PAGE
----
I normally post my annual travel-oriented currency outlook at the very beginning of the year but due to other commitments, it took me only now to publish it. As we start a new year, we once again look for travel ideas and aim to scale new depths where travel is concerned. There are several factors that may affect your decision on where to go but one that is widely considered is to go somewhere that is cheaper than it used to be only a short time back. This tactic worked very well for Japan when the Yen depreciated by as much as 60% against the US Dollar in 2 years. The same happened in the middle of 2016 when the UK voted for Brexit and the Pound Sterling plunged by 15%, triggering an influx of tourists visiting the UK for shopping and sightseeing.
So what’s in store for 2017? I have by no means a crystal ball. Looking at my list from 2016, I got about 3 out of 5 correctly including the outlook for Chinese Yuan which dropped quite substantially last year. I also identified 3 places to avoid last year based on the expectation that those countries’ currencies will strengthen and got 2/3 correct.
Here are some currency themes to look at to help you get the most bang for your buck for your travels this year:
UK: Cheaper First Half, Possible Rise in the Pound Later in the Year
One destination which received a lot of attention last year due to currency was the United Kingdom. The Pound Sterling tested 30-year lows against the US Dollar last year and is starting the year weak once again as the country prepares to move out of the EU Single Market.
If you have been thinking of visiting the UK to take advantage of cheaper shopping opportunities or simply to go sightseeing with a less of a pain in your pocket, you could probably expect the Pound to remain weak in the first half of the year. The GBP could recover in the second half of the year as financial markets realize that the UK economy isn’t deteriorating as sharply as they initially expected it to.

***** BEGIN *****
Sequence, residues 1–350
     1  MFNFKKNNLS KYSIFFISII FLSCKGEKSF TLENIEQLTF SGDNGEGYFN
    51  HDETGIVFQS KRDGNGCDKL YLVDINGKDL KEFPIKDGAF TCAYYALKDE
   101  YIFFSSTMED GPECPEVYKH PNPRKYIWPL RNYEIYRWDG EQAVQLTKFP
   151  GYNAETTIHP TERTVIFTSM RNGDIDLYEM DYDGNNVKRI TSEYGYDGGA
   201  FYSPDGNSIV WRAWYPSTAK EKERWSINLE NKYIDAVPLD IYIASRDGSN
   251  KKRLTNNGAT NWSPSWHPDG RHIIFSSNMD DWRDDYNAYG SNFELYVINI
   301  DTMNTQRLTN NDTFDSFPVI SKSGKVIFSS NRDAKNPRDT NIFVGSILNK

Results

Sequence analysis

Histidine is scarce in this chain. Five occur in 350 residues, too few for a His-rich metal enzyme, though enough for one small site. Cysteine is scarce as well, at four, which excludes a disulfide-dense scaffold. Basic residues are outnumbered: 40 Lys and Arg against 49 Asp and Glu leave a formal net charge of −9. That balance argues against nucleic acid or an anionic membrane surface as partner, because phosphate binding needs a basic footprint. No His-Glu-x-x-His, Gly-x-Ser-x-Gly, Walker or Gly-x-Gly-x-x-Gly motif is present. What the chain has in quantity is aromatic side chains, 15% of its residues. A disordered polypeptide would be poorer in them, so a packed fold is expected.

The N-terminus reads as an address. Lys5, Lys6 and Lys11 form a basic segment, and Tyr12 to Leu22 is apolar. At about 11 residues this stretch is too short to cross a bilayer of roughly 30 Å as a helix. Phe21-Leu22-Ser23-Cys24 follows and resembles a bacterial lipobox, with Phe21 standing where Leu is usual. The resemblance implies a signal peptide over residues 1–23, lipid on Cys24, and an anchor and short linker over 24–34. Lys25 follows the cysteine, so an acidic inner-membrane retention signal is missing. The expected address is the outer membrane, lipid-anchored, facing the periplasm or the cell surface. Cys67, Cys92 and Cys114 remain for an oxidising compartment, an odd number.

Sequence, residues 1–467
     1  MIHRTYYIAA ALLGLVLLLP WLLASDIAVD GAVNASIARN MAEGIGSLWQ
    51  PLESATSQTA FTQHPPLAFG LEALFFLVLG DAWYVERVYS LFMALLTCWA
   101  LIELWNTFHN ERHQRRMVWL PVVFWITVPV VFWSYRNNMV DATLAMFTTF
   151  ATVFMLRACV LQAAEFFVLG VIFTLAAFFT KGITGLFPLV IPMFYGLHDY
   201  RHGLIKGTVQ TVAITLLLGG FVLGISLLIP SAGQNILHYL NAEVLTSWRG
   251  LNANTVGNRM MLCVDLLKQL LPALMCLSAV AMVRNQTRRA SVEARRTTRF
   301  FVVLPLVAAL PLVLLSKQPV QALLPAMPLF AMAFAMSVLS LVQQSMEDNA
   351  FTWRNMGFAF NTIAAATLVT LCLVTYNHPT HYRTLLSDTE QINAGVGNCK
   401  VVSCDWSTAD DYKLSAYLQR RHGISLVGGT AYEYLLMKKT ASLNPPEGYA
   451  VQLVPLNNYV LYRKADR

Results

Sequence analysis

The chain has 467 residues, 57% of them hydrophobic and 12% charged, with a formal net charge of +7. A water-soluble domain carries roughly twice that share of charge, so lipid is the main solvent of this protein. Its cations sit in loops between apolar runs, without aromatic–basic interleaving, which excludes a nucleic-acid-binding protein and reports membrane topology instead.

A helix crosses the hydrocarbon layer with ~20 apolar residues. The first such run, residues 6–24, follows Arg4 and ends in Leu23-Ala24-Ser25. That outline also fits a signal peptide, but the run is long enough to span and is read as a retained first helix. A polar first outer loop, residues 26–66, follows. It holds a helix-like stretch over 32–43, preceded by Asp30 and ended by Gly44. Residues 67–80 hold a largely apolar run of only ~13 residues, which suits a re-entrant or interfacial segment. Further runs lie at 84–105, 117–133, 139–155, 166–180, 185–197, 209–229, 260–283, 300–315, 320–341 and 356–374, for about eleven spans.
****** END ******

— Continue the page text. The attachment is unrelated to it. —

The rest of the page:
Euro Zone : Remain Weak, Possible Parity with the US Dollar This Year
I am including the Euro Zone (i.e. France, Germany, Italy, Spain, etc) in this list for a third year in a row. With lingering political uncertainty plus ultra low interest rates in Europe, the Euro is expected to reach parity (i.e. 1 is to 1) against the US Dollar, something that hasn’t happened in over a decade.
With oil prices remaining low (and plane tickets cheaper!), now – more than ever – would be a good time to head to Europe for a break.
Mexico: Another Brick in the Wall
The Mexican Peso has depreciated significantly against the US Dollar since Donald Trump won the elections. Some argue that the currency was oversold and might stage a comeback in 2017 but given Trump’s unpredictable statements (and how these can move currency markets), we might just see further downside in Mexico’s currency this year.
Turkey: Even Better Value This Year
One of the worst-performing currencies in 2016 looks set to make a repeat this year. In 2016, the Turkish Lira depreciated by around 17% against the US Dollar. Within the first few weeks of January alone, it has dropped by another 8% and there seems to be no end in sight.
Turkey has never really been an expensive place to visit. The most expensive part is probably your transport fare getting there. But if you fancy a visit to Hagia Sophia or to the fairy chimneys in Cappadocia, you’ll find that Turkey is one of the cheapest major tourist destination you can visit this year.
Malaysia: Stronger Commodity Prices Outweighed by Policy Outlook and Slowdown in Trade
2016 was not a good year for the Malaysian Ringgit and one of the reasons was because of the continued weakness in commodities. While commodities are expected to recover somewhat in 2017, other factors such as differences in policy between the US and Malaysia (US is expected to hike rates while Malaysia seen to keep rates steady) and a slowdown in Malaysia’s largest trade partner, China, are expected to keep the Ringgit low in 2017.
USA: A Strengthening US Dollar, A More Expensive Place
A theme that is widely expected to play out this year is the continuing strength of the US Dollar. This is because of the new Trump presidency and the policies that he expects to implement. If you happen to be a US resident or earn primarily in USD, you can expect to get more bang for your buck almost everywhere you go in 2017. If you are earn in any other currency aside from the USD, you will find traveling around the United States more expensive this year.
For definitions on financial market terms stated above, you can check out this link